Tuesday, June 02, 2020

Fantasy Church

For years, now, I've been saying to my wife, "Eventually it'll be too dangerous to go to church or something, and we'll get to have church at home, and it'll be awesome." And, for three months, now, that's what we've been doing. And it's been just as wonderful as I dreamed it would be.

I know there are people who aren't in the same circumstances in life as me, and to many of them, this probably sucks. I'm not trying to make light of their difficulties. We all have different trials, and for some, home-based church is a trial. It's just that, for me, it's not.

Here's how our Sundays have been going. We sleep in, then get up and get dressed for church. Our youngest son is in charge of bringing some chairs from the dining room into the living room. Our daughter brings the keyboard from the family room. She picks some hymns and our youngest son writes their numbers on a whiteboard. Our oldest son gets a plate with one piece of bread, and six plastic cups, and gives each cup a small squirt of water from the refrigerator door. We have two white pillowcases, and one goes on the coffee table* and one goes over the plate and cups. We start church at noon. We check to see if the ward or stake has e-mailed us any announcements. We have our opening hymn and opening prayer. We usually have no ward or stake business to conduct (they send it in an e-mail to read, and we sustain the action by not e-mailing back an objection within 48 hours). We sing our sacrament hymn while our oldest son and I tear the bread into six pieces. Then he and I bless the sacrament and our middle son passes it. After the sacrament, we have a talk of sorts. Sometimes one of us has prepared something, or sometimes we read or listen to a conference talk that seemed like a good idea. We read a chapter of a Spencer W. Kimball book once. We watched Elder Bednar's and Sister Bingham's #HearHim videos. Or we have testimony meeting on Fast Sundays. Then we have our closing hymn and closing prayer, and we're done. It takes a half an hour.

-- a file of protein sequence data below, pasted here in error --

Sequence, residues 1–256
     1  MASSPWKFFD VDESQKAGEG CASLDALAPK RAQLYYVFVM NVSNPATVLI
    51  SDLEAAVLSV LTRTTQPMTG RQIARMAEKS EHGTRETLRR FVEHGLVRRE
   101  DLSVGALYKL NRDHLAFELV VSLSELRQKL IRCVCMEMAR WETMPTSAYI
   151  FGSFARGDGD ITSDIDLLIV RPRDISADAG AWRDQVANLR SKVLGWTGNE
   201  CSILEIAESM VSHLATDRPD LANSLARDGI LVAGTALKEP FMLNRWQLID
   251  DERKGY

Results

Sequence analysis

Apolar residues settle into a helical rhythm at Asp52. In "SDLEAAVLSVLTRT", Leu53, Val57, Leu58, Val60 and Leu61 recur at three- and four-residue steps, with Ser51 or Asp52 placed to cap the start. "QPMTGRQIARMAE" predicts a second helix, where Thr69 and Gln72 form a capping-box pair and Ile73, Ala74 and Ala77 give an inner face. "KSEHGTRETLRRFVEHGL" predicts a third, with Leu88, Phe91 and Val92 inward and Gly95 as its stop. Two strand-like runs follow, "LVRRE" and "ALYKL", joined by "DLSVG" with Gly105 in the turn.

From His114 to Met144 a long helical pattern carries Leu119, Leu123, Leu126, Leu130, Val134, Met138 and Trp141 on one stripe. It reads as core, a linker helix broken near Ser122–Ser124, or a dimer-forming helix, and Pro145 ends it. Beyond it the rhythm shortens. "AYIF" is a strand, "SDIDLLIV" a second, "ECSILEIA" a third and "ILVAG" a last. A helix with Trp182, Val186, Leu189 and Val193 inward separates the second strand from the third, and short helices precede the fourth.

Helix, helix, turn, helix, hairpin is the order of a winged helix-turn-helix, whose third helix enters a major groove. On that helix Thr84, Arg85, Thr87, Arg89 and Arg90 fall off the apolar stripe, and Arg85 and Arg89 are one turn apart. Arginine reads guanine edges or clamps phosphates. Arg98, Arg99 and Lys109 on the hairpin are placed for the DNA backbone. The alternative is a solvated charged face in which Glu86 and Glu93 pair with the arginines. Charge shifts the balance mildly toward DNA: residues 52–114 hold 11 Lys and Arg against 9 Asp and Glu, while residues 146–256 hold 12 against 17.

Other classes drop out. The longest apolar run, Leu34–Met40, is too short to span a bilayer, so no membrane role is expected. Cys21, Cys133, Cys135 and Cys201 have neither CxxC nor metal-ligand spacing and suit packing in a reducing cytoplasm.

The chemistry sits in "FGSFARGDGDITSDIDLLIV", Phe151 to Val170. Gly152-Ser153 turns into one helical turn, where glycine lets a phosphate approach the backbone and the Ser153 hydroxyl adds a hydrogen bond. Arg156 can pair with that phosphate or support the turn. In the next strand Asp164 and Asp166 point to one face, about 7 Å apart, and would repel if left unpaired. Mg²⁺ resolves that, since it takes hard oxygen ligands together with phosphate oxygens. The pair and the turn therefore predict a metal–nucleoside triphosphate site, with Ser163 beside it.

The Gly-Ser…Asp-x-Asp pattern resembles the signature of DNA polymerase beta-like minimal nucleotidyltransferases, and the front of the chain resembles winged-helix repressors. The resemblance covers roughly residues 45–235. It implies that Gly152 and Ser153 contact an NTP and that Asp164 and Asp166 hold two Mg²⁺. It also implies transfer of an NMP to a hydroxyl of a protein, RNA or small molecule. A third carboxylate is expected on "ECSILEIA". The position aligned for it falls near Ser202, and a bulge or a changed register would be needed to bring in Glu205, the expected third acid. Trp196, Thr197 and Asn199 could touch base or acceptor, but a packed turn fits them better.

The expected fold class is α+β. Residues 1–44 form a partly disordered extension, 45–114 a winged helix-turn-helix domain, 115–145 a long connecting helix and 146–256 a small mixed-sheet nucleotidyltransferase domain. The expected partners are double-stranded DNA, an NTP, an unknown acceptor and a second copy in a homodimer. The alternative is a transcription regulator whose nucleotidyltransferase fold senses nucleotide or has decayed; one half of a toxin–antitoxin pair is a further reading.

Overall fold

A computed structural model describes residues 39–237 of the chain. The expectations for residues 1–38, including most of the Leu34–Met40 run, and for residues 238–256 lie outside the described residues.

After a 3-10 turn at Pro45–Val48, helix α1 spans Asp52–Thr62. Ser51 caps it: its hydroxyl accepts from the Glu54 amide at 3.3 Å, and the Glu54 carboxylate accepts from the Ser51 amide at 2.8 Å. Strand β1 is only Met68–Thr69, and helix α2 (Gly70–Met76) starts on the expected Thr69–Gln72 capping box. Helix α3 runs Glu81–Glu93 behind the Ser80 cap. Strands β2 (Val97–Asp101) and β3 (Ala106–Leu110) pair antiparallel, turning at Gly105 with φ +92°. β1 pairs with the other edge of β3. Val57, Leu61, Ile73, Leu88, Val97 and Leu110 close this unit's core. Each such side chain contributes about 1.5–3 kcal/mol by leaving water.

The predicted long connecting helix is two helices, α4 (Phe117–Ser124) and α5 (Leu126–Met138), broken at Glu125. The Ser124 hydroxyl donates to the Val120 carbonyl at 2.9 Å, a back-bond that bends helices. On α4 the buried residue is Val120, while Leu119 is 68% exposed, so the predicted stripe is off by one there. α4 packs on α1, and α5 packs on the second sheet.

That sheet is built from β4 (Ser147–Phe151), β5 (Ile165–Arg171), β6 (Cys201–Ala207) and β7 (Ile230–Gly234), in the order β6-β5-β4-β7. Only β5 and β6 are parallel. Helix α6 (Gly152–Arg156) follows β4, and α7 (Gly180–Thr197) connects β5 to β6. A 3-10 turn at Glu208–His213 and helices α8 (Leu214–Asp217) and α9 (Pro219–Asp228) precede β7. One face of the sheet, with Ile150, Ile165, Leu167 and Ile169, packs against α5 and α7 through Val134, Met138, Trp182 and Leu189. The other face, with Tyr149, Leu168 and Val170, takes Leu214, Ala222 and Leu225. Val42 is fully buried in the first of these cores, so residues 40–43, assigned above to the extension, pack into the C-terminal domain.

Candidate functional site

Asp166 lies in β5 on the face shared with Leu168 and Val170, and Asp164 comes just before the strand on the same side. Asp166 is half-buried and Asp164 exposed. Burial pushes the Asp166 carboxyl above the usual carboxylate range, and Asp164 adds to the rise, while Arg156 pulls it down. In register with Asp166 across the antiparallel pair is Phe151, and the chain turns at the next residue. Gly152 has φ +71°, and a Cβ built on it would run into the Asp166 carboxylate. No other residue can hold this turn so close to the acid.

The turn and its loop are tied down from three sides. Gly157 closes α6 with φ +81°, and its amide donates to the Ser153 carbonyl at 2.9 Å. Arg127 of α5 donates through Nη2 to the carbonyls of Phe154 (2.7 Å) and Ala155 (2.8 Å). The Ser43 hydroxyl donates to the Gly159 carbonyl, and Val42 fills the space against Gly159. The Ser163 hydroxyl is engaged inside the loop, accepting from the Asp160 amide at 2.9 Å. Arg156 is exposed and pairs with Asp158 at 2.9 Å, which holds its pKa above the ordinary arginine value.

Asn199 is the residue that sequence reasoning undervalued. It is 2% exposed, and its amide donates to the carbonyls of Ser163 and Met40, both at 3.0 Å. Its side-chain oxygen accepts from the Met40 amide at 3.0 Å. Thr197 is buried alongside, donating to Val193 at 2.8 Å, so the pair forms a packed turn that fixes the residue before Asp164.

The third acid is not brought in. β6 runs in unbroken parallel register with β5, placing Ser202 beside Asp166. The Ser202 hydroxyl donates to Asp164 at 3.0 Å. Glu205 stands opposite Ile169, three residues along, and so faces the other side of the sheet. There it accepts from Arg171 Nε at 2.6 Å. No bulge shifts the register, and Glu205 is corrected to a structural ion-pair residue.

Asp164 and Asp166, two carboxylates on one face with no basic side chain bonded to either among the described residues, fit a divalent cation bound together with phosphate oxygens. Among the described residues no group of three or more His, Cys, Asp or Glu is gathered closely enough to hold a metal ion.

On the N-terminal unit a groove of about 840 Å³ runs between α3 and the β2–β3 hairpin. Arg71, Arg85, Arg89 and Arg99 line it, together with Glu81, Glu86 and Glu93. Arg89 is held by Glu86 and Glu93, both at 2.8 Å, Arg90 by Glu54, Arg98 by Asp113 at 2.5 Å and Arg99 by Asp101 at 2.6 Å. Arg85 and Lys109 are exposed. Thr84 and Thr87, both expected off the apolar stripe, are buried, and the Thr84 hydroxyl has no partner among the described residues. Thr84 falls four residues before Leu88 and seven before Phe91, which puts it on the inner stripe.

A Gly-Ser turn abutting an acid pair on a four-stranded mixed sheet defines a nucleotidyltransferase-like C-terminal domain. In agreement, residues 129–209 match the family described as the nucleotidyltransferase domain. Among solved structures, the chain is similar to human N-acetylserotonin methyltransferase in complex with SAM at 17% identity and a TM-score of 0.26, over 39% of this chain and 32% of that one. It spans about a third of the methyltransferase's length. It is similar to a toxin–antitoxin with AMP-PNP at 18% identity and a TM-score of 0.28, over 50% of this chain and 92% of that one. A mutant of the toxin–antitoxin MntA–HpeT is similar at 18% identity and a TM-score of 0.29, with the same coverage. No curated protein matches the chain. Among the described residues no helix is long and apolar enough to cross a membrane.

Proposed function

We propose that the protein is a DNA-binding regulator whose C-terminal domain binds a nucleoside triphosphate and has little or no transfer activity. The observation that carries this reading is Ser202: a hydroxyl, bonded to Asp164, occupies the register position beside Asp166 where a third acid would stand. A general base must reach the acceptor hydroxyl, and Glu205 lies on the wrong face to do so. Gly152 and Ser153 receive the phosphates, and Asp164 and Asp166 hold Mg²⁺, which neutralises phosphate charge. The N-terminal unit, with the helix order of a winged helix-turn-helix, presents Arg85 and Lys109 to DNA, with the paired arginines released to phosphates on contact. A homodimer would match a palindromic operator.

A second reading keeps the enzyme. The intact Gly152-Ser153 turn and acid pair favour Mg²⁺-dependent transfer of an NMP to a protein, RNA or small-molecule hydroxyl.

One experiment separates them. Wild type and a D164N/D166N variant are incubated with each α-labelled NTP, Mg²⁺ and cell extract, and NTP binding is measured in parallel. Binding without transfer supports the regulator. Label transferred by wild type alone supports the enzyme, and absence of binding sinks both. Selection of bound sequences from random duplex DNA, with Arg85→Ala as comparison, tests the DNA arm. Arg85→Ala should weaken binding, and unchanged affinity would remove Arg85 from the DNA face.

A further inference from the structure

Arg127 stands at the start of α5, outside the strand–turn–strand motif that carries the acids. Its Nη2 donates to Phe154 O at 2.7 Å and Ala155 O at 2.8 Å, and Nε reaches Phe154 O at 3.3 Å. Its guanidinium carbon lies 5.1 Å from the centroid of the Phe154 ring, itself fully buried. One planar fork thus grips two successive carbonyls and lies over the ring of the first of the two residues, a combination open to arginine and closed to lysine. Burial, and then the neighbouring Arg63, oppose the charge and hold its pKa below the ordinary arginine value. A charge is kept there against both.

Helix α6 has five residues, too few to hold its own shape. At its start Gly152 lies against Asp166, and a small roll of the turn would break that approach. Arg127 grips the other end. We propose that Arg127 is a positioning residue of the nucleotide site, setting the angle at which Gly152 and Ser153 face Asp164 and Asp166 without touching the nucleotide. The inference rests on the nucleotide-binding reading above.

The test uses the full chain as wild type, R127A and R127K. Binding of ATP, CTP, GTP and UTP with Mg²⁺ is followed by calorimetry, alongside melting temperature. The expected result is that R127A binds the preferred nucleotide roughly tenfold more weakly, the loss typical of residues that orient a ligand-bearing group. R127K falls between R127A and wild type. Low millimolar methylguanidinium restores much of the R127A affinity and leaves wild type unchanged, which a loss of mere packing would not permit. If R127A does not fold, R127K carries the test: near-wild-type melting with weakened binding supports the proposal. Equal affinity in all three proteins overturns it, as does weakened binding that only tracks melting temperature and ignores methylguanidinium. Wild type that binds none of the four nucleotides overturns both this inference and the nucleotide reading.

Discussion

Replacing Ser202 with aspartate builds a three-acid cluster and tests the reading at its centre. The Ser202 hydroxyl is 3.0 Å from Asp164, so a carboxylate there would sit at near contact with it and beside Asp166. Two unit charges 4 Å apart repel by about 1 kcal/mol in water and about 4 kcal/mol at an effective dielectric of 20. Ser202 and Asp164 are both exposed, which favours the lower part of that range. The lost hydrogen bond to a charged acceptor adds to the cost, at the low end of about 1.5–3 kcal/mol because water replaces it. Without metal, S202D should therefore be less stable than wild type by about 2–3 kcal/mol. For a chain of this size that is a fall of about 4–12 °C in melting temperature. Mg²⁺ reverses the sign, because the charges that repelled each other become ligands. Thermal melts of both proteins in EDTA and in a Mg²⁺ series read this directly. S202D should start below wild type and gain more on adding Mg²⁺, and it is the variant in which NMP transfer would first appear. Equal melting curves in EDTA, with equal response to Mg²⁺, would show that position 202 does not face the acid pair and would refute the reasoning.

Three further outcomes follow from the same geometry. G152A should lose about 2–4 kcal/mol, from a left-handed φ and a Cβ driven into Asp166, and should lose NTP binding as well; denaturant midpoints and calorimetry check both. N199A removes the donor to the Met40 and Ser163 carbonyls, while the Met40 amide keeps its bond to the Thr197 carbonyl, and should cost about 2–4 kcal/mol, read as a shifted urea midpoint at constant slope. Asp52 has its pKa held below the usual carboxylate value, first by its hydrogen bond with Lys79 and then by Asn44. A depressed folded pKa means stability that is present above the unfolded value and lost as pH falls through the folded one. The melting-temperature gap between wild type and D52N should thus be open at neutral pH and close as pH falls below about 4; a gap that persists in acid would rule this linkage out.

Then we change back into our pyjamas and eat lunch. And we try to remind the kids that they can just hang their church clothes back up, since they didn't get them dirty in 30 minutes. Our youngest son has to watch a YouTube playlist of Primary songs so he doesn't forget the words, and the older kids are all in presidencies, so they usually have to watch some sort of training video about once a month.

When we go back to regular church, that "I can't believe it's over already" feeling we had for all of 2019 will be replaced by a "why is church SOOOOOOO LOOOOOOOONG?!" feeling. And what will it be like when we go back to getting a tiny piece of bread and a mostly-empty water cup? Already in the past I've passed a note to my wife that read, "Does the ordinance count if your mouth absorbs the water before you get to swallow any?" And don't even remind me about testimony meetings with crazy people! Can't we just keep church like this forever?

* = are we going to Hell for preparing the sacrament on a coffee table? Maybe we should call it the caffeine-free-soda table.

NOTE: Blogger had an update, and it no longer has spellcheck. So prepare for an increase of spelling mistakes in my posts. (And labels are sorted A to Z and then a to z, so "Zion" comes before "blog housekeeping." Lame.)

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